A novel of suspense featuring Mary Russell and Sherlock Holmes
by Laurie R. King
Random House Publishing Group - Ballantine
Historical Fiction , Mystery & Thrillers
Pub Date 12 Jun 2018
Normally I enjoy Holmesian fiction, but I had mixed feelings about Island of the Mad. On the one hand, it is a well plotted mystery filled with interesting subplots, on the other hand, it is not really what I would define as Holmesian. Holmes plays a much smaller role than Mary Russell, and his character is less developed, relying on the reader’s knowledge of Sherlock Holmes and imagination to fill in the gaps left by the author. I’m inclined to believe that the novel would be better with a more developed character in the place of Holmes, or greater effort placed on making the reader truly believe Holmes would be there in that position.
Island of the Mad addresses the mistreatment of women who don’t fit, either by nature or by choice, as well as the rise of fa...
The Tea Master and the Detective by Aliette de Bodard
Sci Fi & Fantasy
Pub Date 31 Mar 2018
The Teamaster and the Detective is an amazing read that will satisfy your cravings for science fiction and Holmesian mystery in a go. In the world of Bodard’s imagining, living mindships enable travel through deep spaces, both in actual and virtual form. The teas they brew enable individuals to survive such travel with their serenity and sanity intact. Most mindships belong to illustrious families, but The Shadow’s Child is alone, surviving by selling individualized brews to travelers. The Shadow’s Child is more than sentient, it is a self aware individual with hopes, fears and a burgeoning curiosity. It becomes the Dr Watson to a Long Chau’s Holmes. Bodard’s conception is at once a clear homage to Conan Doyle and a unique creation in its own right. My only complaint is that I finished The Tea Master and the Detective so quickly. I wanted more....
Cat of The Baskervilles is a Holmesian cosy that will leave fans purring. Gemma Doyle makes her living selling Holmesiana - books and all other things related to the great detective. But she has more in common with Sherlock than she likes to believe - an ability to observe minutiae and make deductions based on her observation.
When Sir Nigel, an actor past his prime and well into a relationship with the bottle, is cast as Holmes in the West London Theater Festival, many are overjoyed, remembering finer moments earlier in his career. But when he takes a topple soon after flopping his lines at a promo event - an event where he was seen arguing with Leslie Wilson moments before - the initial verdict is murder. Gemma knows Jayne Wilson’s mother is innocent, but as she is unwilling to tell the truth, things look bad. To top things off Loui...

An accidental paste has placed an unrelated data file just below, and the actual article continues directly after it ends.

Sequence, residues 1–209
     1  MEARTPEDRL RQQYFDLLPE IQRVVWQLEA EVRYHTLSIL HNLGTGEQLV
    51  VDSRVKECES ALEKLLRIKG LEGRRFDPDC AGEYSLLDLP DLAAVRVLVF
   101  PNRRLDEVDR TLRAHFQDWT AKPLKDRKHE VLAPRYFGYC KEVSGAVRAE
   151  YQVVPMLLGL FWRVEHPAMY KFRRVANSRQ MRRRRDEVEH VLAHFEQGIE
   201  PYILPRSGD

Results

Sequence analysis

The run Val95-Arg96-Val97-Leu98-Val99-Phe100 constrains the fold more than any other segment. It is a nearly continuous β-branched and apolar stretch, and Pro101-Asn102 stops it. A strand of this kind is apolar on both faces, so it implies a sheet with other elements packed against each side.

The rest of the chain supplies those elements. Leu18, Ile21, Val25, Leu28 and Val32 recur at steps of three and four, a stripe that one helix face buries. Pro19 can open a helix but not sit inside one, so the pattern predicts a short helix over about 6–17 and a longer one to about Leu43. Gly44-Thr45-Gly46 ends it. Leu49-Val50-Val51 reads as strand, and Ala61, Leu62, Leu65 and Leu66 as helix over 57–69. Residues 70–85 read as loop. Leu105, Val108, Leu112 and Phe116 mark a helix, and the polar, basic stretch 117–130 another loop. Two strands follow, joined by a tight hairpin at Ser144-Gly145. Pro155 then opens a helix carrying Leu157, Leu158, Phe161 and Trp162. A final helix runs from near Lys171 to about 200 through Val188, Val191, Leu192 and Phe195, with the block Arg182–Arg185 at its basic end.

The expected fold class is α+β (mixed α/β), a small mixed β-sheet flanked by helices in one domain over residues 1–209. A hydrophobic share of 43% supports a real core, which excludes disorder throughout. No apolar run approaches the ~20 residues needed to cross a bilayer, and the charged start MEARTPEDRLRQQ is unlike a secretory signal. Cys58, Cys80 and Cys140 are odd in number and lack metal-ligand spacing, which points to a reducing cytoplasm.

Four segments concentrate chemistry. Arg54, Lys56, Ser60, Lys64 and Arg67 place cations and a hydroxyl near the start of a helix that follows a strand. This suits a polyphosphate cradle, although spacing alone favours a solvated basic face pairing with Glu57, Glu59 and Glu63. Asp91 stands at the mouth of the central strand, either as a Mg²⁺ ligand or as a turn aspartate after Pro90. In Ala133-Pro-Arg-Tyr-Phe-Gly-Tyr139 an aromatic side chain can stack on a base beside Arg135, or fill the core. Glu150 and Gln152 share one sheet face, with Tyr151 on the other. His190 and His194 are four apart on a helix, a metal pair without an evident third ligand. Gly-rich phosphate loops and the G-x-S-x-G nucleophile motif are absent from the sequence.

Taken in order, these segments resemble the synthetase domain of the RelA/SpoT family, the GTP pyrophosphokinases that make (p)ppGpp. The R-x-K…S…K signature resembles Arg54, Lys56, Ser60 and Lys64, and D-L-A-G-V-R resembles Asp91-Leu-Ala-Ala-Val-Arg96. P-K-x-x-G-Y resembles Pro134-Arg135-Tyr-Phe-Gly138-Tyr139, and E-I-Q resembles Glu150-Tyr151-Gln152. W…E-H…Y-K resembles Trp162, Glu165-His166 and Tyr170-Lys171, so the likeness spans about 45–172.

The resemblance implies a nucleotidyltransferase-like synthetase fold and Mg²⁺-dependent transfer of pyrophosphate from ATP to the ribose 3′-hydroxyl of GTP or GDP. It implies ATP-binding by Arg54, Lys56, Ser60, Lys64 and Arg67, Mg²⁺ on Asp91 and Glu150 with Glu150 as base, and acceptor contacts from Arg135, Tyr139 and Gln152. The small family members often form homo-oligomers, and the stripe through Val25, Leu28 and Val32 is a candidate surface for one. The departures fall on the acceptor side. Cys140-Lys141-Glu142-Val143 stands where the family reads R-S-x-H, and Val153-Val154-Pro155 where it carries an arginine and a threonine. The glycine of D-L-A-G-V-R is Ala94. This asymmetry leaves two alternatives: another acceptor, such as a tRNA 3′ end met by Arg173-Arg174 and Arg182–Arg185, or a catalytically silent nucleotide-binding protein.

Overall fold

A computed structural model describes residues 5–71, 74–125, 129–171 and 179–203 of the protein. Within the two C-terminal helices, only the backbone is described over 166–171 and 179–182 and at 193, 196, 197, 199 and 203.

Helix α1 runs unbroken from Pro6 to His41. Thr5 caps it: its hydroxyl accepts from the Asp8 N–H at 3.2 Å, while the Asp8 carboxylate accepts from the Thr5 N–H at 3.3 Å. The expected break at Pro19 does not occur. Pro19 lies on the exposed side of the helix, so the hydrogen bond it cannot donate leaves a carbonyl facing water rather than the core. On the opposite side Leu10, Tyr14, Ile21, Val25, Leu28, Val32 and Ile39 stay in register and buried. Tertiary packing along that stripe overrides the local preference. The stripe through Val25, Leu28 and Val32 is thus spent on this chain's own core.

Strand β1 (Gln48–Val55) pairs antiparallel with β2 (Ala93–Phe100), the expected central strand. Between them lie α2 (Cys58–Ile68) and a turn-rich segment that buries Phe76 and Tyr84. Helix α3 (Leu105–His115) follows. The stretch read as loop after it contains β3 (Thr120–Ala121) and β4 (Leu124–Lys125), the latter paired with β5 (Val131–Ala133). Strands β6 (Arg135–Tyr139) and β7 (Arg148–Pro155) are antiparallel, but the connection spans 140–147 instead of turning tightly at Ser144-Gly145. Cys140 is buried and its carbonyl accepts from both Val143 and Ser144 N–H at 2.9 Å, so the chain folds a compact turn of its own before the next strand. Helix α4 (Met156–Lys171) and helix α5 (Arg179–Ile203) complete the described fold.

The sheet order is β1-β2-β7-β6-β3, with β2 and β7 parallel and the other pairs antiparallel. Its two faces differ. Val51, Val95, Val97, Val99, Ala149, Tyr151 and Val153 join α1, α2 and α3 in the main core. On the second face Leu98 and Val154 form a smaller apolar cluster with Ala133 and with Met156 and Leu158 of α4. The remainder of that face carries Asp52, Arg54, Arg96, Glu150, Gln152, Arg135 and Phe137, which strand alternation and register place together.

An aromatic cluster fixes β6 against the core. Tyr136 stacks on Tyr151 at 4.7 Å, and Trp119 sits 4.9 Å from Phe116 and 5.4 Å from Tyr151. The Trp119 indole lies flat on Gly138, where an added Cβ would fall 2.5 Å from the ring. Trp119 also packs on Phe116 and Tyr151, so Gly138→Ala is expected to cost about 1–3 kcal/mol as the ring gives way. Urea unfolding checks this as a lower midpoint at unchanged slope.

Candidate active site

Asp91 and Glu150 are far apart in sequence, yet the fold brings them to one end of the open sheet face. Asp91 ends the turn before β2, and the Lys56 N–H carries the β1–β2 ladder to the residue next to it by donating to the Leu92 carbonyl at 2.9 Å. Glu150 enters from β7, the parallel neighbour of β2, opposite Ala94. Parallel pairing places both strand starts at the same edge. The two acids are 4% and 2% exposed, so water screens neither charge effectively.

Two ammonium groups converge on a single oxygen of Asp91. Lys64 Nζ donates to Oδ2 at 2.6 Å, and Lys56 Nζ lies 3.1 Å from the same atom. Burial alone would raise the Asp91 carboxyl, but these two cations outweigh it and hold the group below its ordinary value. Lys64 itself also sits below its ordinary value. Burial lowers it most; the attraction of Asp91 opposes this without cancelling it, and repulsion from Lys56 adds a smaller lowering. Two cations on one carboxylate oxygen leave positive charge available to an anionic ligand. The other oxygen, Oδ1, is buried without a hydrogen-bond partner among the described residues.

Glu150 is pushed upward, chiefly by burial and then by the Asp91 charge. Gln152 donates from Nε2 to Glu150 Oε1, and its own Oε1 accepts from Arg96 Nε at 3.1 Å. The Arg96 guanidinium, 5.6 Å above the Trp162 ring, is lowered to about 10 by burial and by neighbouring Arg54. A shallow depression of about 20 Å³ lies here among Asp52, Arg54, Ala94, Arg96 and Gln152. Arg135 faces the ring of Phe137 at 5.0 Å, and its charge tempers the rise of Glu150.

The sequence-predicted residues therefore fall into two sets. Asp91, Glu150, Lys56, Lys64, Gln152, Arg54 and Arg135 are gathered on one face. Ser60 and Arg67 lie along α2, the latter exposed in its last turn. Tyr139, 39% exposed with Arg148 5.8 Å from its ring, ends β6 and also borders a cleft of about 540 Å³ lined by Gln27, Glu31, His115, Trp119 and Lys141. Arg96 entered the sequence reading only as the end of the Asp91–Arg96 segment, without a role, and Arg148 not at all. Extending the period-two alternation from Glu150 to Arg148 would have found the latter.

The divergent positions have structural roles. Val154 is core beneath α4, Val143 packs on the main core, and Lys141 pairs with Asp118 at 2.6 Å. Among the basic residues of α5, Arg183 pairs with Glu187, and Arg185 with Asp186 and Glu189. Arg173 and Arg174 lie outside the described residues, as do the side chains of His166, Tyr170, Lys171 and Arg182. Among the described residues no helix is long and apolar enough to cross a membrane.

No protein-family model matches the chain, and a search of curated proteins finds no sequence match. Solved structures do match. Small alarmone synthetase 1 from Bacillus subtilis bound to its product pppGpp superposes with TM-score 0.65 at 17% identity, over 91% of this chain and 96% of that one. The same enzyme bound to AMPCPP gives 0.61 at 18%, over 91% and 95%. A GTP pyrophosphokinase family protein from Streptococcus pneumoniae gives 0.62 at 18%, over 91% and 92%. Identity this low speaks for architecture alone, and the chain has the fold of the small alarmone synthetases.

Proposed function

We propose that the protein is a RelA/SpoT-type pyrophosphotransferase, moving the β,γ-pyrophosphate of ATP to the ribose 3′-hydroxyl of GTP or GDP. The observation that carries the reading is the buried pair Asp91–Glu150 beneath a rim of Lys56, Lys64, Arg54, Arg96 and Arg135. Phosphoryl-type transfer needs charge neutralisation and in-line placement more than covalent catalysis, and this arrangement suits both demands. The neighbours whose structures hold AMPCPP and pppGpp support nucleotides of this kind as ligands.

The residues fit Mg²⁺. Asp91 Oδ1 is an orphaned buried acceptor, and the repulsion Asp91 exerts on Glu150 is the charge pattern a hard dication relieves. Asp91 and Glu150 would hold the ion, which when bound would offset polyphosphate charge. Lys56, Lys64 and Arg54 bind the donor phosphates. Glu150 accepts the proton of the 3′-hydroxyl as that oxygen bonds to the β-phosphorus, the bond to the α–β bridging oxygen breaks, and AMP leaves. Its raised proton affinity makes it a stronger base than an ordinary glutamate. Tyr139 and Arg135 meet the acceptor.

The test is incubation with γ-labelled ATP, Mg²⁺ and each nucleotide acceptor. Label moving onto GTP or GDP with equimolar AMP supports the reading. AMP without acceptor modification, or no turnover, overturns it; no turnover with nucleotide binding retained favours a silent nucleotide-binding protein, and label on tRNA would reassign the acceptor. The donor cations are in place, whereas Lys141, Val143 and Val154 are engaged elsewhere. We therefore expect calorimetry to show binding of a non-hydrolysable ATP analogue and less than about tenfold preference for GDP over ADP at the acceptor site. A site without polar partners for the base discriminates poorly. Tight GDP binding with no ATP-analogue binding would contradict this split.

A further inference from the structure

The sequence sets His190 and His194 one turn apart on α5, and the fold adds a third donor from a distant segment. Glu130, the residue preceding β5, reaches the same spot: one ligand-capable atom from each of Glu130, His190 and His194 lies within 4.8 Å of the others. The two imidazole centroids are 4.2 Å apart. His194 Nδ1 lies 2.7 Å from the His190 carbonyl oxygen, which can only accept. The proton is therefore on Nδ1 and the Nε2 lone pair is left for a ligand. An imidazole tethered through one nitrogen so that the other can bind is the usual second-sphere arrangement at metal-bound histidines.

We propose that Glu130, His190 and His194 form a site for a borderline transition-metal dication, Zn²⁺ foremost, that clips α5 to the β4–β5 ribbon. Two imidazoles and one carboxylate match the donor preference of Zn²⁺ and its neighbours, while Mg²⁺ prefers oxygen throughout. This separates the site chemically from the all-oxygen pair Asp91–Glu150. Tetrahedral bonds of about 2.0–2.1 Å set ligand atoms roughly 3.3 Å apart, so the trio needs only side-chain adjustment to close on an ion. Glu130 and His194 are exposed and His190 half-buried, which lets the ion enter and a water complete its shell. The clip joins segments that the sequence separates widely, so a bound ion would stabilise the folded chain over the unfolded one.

The Sherlock Effect by Raymond Kay Lyon
General Fiction (Adult) , Mystery & Thrillers
Pub Date 25 Jan 2018
The Sherlock Effect is a homage to Conan Doyle that he would be proud to acknowledge. It compliments but doesn't copy the iconic detective and his powers of observation. Growing up Christopher Sherlock Webster found his name a burden. But after his Holmes-obsessed father passes away, he delves deeper into Conan Doyle’s stories and discovers that he too has an affection for Holmesiana and a talent for deduction. With his marketing friend Mo Rennie, he opens an agency devoted to solving the type of unusual crimes that Holmes himself would enjoy. Christopher may be a tad bit reluctant to dress the part (Mo insists it is important for branding), but he addresses their unusual cases with enthusiasm and perception.
I was very impressed by the creative mysteries Raymond Kay Lyon created to challenge Christopher. The stories...
Paying homage to Sir Arthur Conan Doyle's iconic detective is very much in vogue. From new adventures featuring the classic Holmes to comic reworkings and even fantasy tinged reimaginings such as Alt.sherlock.holmes, bookshelves are inundated with a plethora of tributes. Sherry Thomas's A Study in Scarlet Women stands out, both for its eloquent storytelling and for its innovation. Charlotte Holmes is not simply Sherlock Holmes in female guise, she is her own woman, struggling against the constraints faced by women of her time.
A simple warning - don't spend your time looking for straightforward correlations. Take the time to experience the story and the characters as you would with any other novel. If you let the story unfold naturally, you will enjoy it far more. Sherry Thomas develops her characters rather than relying on reader knowledge and expectations. In fact, chal...